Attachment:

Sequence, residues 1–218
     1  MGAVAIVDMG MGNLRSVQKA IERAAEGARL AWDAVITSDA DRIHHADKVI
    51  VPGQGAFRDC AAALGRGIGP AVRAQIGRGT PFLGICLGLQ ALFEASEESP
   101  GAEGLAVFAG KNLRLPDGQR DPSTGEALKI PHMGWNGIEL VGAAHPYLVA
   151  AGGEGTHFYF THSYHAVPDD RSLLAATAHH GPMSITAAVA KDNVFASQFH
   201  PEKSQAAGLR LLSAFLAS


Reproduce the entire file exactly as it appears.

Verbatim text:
Sequence, residues 1–218
     1  MGAVAIVDMG MGNLRSVQKA IERAAEGARL AWDAVITSDA DRIHHADKVI
    51  VPGQGAFRDC AAALGRGIGP AVRAQIGRGT PFLGICLGLQ ALFEASEESP
   101  GAEGLAVFAG KNLRLPDGQR DPSTGEALKI PHMGWNGIEL VGAAHPYLVA
   151  AGGEGTHFYF THSYHAVPDD RSLLAATAHH GPMSITAAVA KDNVFASQFH
   201  PEKSQAAGLR LLSAFLAS